This past June, the campaigns of Republican presidential candidates Ron DeSantis and Vivek Ramaswamy visited two of the nation’s most derelict neighborhoods. Their point: to connect the public disorder of San Francisco’s Tenderloin and Philadelphia’s Kensington neighborhoods with progressive governance. The visits raised expectations that street conditions would look better under a DeSantis or Ramaswamy administration.
The most direct way to address urban disorder is through a change in city leadership. With problems such as addiction, homelessness, untreated mental illness, and low-level offending, federal policymakers must work indirectly, mainly by sending resources to frontline providers. Still, Republicans like DeSantis and Ramaswamy are right to emphasize these issues, and some federal-level policy solutions are well worth pursuing.
For presidential campaigns, an orderly streets agenda should begin with repealing Medicaid’s “Institutions for Mental Diseases” exclusion. The IMD exclusion bars Medicaid reimbursement for specialized psychiatric hospitals that serve adults. It’s the main cause of the nation’s dire shortage of psychiatric beds. Questions about the legality of involuntary treatment—concerning who should qualify as “dangerous” or “gravely disabled”—get more attention than questions about how to pay for it. But the payment issue is now more pressing. There is no point in trying to make it easier to force people into hospital beds that don’t exist. The most straightforward way to expand the supply of psychiatric beds is by greenlighting Medicaid reimbursement for them.
Repealing the IMD exclusion would need to go through Congress, but presidential leadership could prove key, and Republican leadership would be particularly gratifying. Republicans are often accused of invoking mental-health policy only after mass shootings, in order to distract attention from guns. In fairness, Republican reluctance to raising Medicaid costs may be the greatest barrier to IMD repeal (which would cost the federal government $3–$4 billion per year). It may be even more formidable than pressure exerted on Democrats by disability-rights groups over re-institutionalizing the mentally ill. Inpatient psychiatric care is admittedly expensive. But repealing the IMD exclusion is the most important policy change the federal government could make that would meaningfully address public disorder, to the extent that untreated serious mental illness is causing it. Any presidential campaign that posts social-media videos about urban street mayhem and declines to call for IMD repeal will come across as performative.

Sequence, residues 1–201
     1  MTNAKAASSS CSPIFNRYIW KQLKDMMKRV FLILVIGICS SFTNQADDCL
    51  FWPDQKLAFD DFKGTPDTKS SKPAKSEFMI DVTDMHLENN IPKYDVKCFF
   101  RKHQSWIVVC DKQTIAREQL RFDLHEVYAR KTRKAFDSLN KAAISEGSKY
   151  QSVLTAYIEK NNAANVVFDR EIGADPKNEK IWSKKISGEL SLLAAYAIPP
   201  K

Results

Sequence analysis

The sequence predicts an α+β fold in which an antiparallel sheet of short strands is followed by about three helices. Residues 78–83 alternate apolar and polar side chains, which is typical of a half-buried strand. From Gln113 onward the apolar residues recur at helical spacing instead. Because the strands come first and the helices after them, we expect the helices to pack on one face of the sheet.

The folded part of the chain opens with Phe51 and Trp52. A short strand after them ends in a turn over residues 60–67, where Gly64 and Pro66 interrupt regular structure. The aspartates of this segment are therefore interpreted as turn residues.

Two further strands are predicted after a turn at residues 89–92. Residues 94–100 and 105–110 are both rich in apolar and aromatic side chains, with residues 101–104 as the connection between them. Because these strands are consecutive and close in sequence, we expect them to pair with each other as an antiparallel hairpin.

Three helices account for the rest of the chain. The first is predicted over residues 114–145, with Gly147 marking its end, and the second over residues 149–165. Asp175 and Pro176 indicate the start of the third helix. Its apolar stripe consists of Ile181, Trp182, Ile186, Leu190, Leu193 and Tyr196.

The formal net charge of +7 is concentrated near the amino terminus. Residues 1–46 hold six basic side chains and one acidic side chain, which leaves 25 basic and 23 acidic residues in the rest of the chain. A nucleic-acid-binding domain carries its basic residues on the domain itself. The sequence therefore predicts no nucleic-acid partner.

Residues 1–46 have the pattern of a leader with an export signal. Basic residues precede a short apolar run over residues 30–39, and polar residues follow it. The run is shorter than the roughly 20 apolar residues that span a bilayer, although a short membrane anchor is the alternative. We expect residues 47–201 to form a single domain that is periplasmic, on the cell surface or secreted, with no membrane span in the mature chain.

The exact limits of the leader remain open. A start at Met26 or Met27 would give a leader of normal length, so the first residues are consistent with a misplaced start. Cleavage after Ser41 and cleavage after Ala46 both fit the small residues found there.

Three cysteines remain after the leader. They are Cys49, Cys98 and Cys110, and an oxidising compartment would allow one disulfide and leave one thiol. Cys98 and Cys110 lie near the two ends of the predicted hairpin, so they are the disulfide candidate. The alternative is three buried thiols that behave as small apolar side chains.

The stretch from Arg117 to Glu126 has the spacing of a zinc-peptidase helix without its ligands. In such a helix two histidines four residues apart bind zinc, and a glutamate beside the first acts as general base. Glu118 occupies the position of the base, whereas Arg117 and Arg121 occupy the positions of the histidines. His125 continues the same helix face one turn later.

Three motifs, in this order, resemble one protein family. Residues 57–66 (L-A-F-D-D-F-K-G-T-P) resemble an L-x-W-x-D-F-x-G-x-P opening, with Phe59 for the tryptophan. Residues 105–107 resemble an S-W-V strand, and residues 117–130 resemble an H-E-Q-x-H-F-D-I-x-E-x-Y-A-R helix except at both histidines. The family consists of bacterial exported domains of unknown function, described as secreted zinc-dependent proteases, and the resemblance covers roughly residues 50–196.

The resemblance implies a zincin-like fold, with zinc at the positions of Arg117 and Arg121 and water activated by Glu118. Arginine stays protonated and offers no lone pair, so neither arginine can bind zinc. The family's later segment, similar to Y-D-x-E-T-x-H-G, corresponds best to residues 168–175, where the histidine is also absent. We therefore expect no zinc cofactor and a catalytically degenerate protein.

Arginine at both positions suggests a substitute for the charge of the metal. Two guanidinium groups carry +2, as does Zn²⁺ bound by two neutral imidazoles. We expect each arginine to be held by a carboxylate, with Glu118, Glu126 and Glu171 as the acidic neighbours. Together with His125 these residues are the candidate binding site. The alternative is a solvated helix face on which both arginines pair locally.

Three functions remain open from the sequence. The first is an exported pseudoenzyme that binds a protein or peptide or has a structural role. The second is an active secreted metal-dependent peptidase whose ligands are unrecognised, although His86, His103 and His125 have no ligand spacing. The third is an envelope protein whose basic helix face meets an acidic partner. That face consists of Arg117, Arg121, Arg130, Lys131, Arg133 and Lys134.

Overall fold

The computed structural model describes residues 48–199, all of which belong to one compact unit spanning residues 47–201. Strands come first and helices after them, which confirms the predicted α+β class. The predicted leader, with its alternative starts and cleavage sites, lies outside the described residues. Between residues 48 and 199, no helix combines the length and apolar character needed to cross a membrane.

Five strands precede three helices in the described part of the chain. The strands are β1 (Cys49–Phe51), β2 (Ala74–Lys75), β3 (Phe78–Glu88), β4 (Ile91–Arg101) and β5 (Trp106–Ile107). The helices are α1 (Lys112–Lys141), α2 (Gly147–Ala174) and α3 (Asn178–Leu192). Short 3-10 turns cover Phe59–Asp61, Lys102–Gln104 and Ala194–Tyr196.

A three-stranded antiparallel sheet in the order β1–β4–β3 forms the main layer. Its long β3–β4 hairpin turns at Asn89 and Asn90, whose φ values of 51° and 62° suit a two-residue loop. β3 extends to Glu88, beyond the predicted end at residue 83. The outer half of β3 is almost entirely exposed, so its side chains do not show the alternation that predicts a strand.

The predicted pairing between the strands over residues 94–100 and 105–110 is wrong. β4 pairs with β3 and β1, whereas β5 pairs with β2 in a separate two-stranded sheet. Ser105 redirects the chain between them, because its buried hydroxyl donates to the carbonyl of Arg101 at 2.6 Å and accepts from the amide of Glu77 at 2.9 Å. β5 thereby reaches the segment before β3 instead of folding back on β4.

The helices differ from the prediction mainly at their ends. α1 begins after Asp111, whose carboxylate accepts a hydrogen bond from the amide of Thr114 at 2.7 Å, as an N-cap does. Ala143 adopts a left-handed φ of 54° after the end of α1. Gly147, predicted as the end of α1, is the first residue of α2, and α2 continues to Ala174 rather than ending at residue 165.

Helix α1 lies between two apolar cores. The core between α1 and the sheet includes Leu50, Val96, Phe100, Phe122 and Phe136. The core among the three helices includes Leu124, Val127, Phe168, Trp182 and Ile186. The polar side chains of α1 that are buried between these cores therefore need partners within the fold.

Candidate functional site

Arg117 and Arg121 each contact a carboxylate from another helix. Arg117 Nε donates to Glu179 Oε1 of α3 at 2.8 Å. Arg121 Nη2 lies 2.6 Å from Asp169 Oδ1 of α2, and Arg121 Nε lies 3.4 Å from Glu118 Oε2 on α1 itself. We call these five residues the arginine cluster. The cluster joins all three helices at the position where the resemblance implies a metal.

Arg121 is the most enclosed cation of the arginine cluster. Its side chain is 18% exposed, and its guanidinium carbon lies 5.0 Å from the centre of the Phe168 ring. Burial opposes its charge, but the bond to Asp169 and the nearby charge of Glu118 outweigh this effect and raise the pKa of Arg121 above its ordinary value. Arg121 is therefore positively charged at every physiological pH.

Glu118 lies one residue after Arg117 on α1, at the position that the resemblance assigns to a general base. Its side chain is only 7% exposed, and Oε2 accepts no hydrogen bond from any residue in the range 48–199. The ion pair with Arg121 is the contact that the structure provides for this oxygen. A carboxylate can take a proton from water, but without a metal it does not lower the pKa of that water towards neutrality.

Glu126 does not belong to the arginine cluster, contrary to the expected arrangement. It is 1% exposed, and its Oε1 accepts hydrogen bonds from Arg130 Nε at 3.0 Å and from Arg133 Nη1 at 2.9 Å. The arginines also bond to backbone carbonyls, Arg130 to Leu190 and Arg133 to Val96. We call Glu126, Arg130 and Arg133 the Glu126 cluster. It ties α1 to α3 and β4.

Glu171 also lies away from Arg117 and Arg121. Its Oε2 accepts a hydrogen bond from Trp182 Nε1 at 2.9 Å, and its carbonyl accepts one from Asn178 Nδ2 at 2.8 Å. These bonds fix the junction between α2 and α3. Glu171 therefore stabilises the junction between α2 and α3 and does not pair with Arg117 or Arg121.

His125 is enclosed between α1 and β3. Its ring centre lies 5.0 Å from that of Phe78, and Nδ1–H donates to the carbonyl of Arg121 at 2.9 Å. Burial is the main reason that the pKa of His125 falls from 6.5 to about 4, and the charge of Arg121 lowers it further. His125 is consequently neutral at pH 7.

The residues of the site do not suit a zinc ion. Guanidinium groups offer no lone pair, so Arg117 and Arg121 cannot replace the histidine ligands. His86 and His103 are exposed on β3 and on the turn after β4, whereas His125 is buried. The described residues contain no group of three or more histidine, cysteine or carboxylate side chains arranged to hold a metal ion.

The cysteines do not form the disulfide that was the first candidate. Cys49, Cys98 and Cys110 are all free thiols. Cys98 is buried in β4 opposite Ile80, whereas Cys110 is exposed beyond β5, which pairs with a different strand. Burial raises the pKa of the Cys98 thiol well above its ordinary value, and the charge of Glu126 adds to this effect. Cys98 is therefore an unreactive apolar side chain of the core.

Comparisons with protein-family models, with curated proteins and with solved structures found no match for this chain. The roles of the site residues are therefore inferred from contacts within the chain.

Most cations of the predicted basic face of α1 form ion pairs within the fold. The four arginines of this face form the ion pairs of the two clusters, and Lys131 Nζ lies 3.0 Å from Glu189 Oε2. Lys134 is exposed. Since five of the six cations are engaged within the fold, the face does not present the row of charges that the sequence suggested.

The federal government should also eliminate Housing First requirements in federal homelessness grant programs, which prohibit funding for sobriety-oriented housing. That would help meet the constantly voiced demand for more treatment options for addiction. Many addicts need a place to live. Making housing contingent on sobriety, for some, can incentivize recovery. Even proponents of “low barrier” residential programs that don’t ask anyone to be clean concede that programs are necessary for people ready to take the next step toward a stabler life.
So-called recovery housing programs represent one sobriety-oriented housing model. These are self-governing homes run by residents. Recovery housing is highly cost-efficient, since staffing expenses are negligible. Housing First programs that don’t require their residents to be clean must shoulder considerable security and clinical personnel costs if they want to avoid warehousing their severely troubled clientele. No one can realistically claim that addiction is not now a leading cause of homelessness. And no one can realistically claim that they’re doing everything they can to expand treatment options, in the most cost-efficient manner, if they’re not working to expand recovery housing programs.
Bad ideas at the state and local levels remain the main driver of public disorder. Recent examples include spending Covid relief money on tarps and tents, giving literally anyone in the world a legally enforceable right to temporary housing, and overseeing the loss of cheap housing stock amid a raging homelessness epidemic. Big-city officials set the standard for performative politics, making them insensitive to public demands for less public disorder. San Francisco and Philadelphia are not electoral battlegrounds. If they were, local political systems would probably be more responsive to public concerns. But these cities’ challenges are not wholly unique and merit more dedicated attention from the national GOP than they have received.